How Many Snacks Should A Teen Athlete Eat Per Day?

Teen athletes need extra calories and nutrients each day to support physical activity. A great time to fit in this extra fuel is during 1-3 snacks per day, usually a mid-morning, afternoon/pre-workout, and post-workout snack.

Teens should have snacks that are around 100-300 calories each. Packaged, highly processed foods from school, restaurants, or vending machines aren’t usually the best options for snacks. Try to bring some good options to school that are ready-to-go.

What Foods Should Athletes Avoid?

Teen athletes should avoid fatty foods, sugary foods, alcohol, artificial sweeteners, and energy drinks, especially during their season, if not always.

The day of competition or right before practice, teen athletes should avoid carbonated beverages, gassy foods (beans, broccoli, cauliflower), spicy foods, high fiber foods, highly processed snacks, excessive caffeine, excessive supplements, and maybe even dairy products (some individuals may be sensitive).

Many of these foods are avoided to limit stomach discomfort during exercise. Know your personal limits by practicing throughout the season and finding your best pre-workout meals and snacks. Check out my post: The Worst Foods to Eat Before Football for some more specific details that can apply to all sports and athletes.

What are the Best Fruits for Teen Athletes?

Fruit is healthy and provides many important nutrients to fuel physical activity and provide major performance benefits. Here’s the list of the best fruits for athletes and recommendations for fruit intake before and after physical activity.

Fruit provides fiber, water, B vitamins, folate, magnesium, vitamin C, potassium, antioxidants, and more micronutrients which are important for peak physical activity and for growing teens. Some of the best fruits for teen athletes are berries, tart cherries, oranges, watermelon, bananas, and dried fruits, but any fruit can be beneficial.

Teenagers need about 2-3 servings of fruit per day. Great ways to fit in fruit during the day is fruit smoothies, cut up fruit for snacks, whole fruit, canned fruit in juice, dried fruit, etc. Check out my post: Best Fruits for Teenage Athletes for more information and ideas for the best fruits pre-workout and post-workout.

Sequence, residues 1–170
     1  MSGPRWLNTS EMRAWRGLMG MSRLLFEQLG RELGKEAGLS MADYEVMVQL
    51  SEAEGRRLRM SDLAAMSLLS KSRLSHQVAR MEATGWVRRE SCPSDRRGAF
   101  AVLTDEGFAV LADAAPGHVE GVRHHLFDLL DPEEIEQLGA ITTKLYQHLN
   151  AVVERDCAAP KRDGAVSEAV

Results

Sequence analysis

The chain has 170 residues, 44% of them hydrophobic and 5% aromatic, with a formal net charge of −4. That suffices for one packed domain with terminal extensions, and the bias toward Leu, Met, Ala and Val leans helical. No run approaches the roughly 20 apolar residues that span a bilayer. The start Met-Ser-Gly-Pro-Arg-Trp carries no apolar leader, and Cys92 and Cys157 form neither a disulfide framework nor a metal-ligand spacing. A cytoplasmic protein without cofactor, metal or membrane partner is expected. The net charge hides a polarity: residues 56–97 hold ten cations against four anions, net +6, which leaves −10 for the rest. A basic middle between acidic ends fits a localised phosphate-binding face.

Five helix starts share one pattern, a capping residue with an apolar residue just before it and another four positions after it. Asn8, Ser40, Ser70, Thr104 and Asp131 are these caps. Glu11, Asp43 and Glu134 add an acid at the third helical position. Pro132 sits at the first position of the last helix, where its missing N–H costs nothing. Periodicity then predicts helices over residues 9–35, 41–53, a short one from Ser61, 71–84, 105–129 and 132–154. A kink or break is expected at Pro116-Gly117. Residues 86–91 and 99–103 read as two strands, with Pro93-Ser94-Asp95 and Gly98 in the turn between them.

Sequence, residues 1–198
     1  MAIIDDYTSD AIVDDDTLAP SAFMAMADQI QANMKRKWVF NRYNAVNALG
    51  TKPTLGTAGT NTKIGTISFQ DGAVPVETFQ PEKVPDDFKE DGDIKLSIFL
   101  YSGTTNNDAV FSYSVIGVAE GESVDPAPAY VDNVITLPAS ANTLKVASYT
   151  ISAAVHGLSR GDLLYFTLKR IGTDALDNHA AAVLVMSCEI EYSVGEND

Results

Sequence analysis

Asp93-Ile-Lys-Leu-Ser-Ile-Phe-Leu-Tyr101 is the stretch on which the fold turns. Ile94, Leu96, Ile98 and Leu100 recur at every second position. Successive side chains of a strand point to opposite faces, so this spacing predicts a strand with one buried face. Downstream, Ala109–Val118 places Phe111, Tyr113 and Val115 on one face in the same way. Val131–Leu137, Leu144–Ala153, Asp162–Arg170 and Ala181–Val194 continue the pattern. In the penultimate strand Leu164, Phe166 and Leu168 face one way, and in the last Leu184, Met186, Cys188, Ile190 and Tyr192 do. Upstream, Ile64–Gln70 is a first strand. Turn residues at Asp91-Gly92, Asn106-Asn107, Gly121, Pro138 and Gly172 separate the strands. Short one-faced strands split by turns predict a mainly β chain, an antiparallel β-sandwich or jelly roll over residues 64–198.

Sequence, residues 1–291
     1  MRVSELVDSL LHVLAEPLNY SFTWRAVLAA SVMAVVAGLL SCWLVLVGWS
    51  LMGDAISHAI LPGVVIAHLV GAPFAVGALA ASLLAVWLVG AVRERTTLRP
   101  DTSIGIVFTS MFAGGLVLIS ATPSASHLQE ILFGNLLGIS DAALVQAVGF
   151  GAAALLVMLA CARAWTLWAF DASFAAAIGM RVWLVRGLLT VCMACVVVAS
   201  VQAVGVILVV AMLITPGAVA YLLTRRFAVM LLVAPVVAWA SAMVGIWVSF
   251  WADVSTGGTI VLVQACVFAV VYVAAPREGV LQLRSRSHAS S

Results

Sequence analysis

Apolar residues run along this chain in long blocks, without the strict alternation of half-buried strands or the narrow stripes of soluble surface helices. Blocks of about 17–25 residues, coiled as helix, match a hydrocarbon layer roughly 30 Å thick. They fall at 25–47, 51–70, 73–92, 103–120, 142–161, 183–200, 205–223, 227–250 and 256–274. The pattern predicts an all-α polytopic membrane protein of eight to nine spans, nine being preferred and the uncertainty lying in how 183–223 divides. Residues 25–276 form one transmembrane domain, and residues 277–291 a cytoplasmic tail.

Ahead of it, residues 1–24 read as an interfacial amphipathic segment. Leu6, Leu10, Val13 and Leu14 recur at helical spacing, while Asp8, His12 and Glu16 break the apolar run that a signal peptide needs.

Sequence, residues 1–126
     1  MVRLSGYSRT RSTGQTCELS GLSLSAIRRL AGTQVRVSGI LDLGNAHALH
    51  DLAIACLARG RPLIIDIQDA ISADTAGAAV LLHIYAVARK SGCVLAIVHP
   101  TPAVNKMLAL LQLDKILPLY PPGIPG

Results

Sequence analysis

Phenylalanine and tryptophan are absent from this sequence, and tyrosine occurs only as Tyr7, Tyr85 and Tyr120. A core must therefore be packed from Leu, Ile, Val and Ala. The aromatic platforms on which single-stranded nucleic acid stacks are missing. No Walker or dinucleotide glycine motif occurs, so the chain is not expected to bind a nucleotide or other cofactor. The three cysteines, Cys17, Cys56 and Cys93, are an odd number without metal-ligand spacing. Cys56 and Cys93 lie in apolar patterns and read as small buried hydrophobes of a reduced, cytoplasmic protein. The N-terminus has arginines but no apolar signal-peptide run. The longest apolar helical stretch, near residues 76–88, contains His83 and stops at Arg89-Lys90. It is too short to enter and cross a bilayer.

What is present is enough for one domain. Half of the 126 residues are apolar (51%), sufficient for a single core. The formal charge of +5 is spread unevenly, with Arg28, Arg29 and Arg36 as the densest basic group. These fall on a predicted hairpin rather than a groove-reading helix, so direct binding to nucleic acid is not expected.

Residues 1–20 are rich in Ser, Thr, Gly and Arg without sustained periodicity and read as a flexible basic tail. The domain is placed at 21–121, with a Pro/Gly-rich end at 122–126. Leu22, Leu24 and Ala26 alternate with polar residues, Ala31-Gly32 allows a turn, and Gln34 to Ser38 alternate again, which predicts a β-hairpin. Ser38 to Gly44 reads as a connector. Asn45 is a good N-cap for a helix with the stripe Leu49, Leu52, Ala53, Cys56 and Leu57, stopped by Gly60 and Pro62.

What are the Best Vegetables for Teen Athletes?

Some of the best vegetables that contain important nutrients for teen athletes include spinach, kale, broccoli, bell peppers, sweet potatoes, and celery. Some other great choices that can often count as vegetables are beans and legumes such as chickpeas, lentils, and black beans.

What are the Best Supplements for Teen Athletes?

The most common supplements for high school athletes are whey protein, creatine, and caffeine. However, most high schoolers do not need supplements as they are still growing and developing and supplements could be harmful.

Do not take supplements unless you are working with an experienced high school trainer and your doctor. Check out my posts for more details on who would benefit, when, and what supplements to take: Is Whey Protein Safe for Teenage Athletes? and Is Creatine Safe for High School Athletes?

See Also:

Related Questions:

Do Athletes Need More Sugar? Yes athletes need more carbohydrate sugar than non-athletes! An average teenager may need around 2,400 calories per day, which would equal about 45-65% of calories coming from carbohydrates (also known as sugars) or about 270-390 grams or 1,080- 1,560 calories per day coming from sugars.

An athlete needs more energy and nutrients per day, at about 3,000 or more calories. That would equal about 338-488 grams per day or 1,350-1,950 calories per day coming from carbohydrates.

Athletes can get these extra sugars from sources such as whole grains, fruits, low-fat dairy, and starchy vegetables. Athletes may occasionally need quick, easily-digestible sugars during a long, intense competition and this may come from carbohydrate drinks or bars of simple sugars.

As for added sugars/sugar foods, the recommendations for all teenagers is no more than 25 grams of added sugar per day, which is equal to 6 teaspoons. Most teenagers get too much added sugar.

What are the Best Foods for a Teenager to Eat? The best foods for a teenager to implement into their diets is whole grains, lean proteins, healthy fats, and fruits and vegetables. A variety of these foods is best!

A focus on whole, plant-foods with some meat is extremely beneficial for a teenager, with less of a focus on packaged, highly-processed foods. Check out my meal plan above for some great ideas.


By Katherine Harmer, RDN

Katherine Harmer, RDN

I'm a Registered Dietitian Nutritionist with a love for coaching others to success in their health goals, especially teenage athletes. Tennis was my sport of choice in high school. Now I'm a little bit older, a little bit smarter, and a little bit worse at tennis.